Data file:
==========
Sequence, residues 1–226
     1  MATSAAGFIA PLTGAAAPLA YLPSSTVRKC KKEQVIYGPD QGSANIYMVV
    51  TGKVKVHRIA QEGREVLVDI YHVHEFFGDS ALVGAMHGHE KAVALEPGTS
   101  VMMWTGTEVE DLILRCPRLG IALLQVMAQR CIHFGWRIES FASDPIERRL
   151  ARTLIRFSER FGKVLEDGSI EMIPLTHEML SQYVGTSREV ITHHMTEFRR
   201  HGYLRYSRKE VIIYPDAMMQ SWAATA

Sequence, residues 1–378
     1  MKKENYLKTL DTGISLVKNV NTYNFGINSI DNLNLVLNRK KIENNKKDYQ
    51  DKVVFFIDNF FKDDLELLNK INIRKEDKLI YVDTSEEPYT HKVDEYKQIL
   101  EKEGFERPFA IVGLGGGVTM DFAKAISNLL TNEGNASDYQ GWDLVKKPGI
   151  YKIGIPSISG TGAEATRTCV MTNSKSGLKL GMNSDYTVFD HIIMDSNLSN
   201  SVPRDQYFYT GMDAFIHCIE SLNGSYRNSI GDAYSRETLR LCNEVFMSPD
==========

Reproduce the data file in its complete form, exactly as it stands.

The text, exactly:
Sequence, residues 1–226
     1  MATSAAGFIA PLTGAAAPLA YLPSSTVRKC KKEQVIYGPD QGSANIYMVV
    51  TGKVKVHRIA QEGREVLVDI YHVHEFFGDS ALVGAMHGHE KAVALEPGTS
   101  VMMWTGTEVE DLILRCPRLG IALLQVMAQR CIHFGWRIES FASDPIERRL
   151  ARTLIRFSER FGKVLEDGSI EMIPLTHEML SQYVGTSREV ITHHMTEFRR
   201  HGYLRYSRKE VIIYPDAMMQ SWAATA

Sequence, residues 1–378
     1  MKKENYLKTL DTGISLVKNV NTYNFGINSI DNLNLVLNRK KIENNKKDYQ
    51  DKVVFFIDNF FKDDLELLNK INIRKEDKLI YVDTSEEPYT HKVDEYKQIL
   101  EKEGFERPFA IVGLGGGVTM DFAKAISNLL TNEGNASDYQ GWDLVKKPGI
   151  YKIGIPSISG TGAEATRTCV MTNSKSGLKL GMNSDYTVFD HIIMDSNLSN
   201  SVPRDQYFYT GMDAFIHCIE SLNGSYRNSI GDAYSRETLR LCNEVFMSPD